EU fine on Google weighs on parent Alphabet profits

An illuminated Google logo is seen inside an office building in Zurich, Switzerland December 5, 2018. (REUTERS)
Updated 30 April 2019
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EU fine on Google weighs on parent Alphabet profits

  • Including the European fine, net income was $6.7 billion, or $9.50 per share, compared with analysts’ average estimate of $7.3 billion, or $10.48 per share

SAN FRANCISCO: Google parent Alphabet on Monday reported that profit in the first three months of this year sagged under the weight of a hefty antitrust fine in the European Union.
Alphabet said that profit in the first-quarter fell 29 percent to $6.7 billion on revenue that climbed 17 percent to $36.3 billion.
The earnings took a hit from a European Commission fine that amounted to $1.7 billion at the end of March, according to the quarterly update.
Google shares were down 7.2 percent to $1,202.39 in after-market trades that followed release of the earnings report.
Though profits excluding the one-time costs were better than expected, revenue growth was below forecasts for the technology colossus which is the dominant Internet search company and operator of the ubiquitous Android mobile operating system.
Chief financial officer Ruth Porat said in the release the results showed “robust growth” led by mobile search, ad revenues from YouTube videos and cloud computing.
“We remain focused on, and excited by, the significant growth opportunities across our businesses,” she said.
Google’s lucrative advertising platform remained the largest revenue driver for Alphabet, delivering more than $30 billion of revenues, but costs rose sharply as well.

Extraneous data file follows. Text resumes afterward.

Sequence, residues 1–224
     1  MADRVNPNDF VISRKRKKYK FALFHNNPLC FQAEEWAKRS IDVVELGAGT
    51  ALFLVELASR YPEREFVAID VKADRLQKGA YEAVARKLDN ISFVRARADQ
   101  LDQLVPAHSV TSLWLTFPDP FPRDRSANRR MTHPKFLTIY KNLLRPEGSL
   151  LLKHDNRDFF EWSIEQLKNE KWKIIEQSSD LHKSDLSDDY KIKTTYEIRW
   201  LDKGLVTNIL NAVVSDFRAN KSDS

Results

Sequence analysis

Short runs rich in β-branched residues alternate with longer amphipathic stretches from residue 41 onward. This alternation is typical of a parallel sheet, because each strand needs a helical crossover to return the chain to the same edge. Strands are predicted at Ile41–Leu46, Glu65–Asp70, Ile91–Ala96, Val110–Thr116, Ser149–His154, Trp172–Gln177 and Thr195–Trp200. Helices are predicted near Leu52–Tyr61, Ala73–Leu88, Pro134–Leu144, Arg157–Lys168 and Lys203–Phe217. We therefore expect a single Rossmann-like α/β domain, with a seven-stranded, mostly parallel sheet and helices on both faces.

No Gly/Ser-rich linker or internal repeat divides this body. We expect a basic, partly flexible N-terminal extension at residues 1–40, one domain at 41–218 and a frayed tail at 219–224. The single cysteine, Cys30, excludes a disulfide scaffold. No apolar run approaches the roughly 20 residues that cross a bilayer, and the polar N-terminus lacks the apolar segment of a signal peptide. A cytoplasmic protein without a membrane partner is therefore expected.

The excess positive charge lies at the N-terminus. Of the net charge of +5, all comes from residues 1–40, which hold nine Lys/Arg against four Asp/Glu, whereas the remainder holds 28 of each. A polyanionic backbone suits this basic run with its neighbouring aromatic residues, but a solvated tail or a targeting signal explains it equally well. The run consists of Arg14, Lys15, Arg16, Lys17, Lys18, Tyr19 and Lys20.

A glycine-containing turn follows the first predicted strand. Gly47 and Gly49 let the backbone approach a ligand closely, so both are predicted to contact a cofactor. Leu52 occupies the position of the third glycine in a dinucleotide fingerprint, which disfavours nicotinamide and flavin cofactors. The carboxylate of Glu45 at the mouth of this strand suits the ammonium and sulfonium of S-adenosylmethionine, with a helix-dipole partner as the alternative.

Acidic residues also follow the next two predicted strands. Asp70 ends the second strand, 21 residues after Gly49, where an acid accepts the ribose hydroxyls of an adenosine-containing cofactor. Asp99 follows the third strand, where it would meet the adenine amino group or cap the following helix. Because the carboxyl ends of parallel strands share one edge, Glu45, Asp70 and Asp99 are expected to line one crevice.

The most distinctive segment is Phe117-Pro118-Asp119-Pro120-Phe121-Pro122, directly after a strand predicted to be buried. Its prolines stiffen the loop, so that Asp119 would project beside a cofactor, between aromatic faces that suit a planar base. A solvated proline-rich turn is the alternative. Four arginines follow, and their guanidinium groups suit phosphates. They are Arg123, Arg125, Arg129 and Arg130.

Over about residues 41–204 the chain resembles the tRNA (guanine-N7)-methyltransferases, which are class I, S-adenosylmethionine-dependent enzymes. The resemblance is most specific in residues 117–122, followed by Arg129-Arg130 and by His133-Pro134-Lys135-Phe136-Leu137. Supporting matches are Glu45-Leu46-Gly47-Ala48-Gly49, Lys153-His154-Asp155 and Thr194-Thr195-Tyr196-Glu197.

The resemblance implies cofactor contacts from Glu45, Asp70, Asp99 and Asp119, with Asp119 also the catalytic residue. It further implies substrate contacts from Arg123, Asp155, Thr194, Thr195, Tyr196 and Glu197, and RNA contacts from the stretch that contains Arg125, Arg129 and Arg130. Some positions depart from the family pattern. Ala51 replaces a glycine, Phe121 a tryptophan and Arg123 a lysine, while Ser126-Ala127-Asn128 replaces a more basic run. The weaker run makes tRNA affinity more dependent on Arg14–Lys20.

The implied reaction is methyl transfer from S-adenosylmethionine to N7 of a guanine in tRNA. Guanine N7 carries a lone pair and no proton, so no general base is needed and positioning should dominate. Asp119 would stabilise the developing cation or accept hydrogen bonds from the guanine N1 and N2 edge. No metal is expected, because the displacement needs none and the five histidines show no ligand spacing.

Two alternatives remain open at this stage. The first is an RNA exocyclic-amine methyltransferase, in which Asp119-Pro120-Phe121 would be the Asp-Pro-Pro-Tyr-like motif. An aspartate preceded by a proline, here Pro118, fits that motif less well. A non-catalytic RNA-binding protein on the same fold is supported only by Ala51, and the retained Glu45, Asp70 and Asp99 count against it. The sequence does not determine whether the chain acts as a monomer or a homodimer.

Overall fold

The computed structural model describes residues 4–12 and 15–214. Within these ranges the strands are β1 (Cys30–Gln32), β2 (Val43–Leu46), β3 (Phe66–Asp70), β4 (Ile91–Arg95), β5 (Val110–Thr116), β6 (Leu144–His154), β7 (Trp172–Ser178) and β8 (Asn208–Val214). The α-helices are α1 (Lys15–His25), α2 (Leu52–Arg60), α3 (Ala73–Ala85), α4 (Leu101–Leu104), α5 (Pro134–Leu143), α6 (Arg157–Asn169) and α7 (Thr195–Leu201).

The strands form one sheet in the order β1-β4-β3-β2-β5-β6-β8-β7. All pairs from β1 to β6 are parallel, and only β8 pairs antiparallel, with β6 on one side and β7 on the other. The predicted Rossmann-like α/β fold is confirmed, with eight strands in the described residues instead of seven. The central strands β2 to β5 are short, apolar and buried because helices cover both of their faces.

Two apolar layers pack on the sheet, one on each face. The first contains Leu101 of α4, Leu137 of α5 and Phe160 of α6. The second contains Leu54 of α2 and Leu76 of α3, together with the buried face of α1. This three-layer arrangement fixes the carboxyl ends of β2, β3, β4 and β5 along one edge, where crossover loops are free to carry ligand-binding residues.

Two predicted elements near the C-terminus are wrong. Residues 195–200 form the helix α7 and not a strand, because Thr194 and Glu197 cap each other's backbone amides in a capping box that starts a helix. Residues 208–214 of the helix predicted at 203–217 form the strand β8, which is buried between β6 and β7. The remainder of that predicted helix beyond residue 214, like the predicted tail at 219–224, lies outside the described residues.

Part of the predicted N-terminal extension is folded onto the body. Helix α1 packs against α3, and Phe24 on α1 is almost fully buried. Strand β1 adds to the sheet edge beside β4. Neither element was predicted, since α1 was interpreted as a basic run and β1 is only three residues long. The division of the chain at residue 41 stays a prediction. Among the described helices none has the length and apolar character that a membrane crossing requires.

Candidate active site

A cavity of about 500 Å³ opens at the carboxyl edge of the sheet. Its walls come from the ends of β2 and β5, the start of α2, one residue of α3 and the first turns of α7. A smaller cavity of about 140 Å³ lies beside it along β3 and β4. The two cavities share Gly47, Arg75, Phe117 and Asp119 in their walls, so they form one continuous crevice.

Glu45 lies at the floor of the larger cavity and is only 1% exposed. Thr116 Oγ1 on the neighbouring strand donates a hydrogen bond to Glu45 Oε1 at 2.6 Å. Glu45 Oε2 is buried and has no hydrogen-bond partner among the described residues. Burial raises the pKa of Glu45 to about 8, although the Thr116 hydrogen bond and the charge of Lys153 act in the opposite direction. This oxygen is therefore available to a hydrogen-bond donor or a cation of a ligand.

Investors seemed concerned that earnings figures showed the growth rate of ad clicks slowed while the trend toward lower-priced mobile ads continued.

The California giant showed widening losses for its “other bets” including the Waymo self-driving car project, Verily life sciences and services for Internet for remote parts of the world and drone delivery.
“Other bets” showed an operating loss of $858 million, up from $571 million a year ago while revenues rose modestly to $170 million.
Some of the projects are moving closer to fruition: Wing became the first drone delivery company to receive air carrier certification from the US Federal Aviation Administration. Waymo has begun a limited rollout of its robotaxis in Arizona in partnership with automakers.
And, while the company’s Pixel smartphones have seen traction slowed by heavy competition in the premium handset market, it was pleased with momentum for Home devices infused with digital assistant software.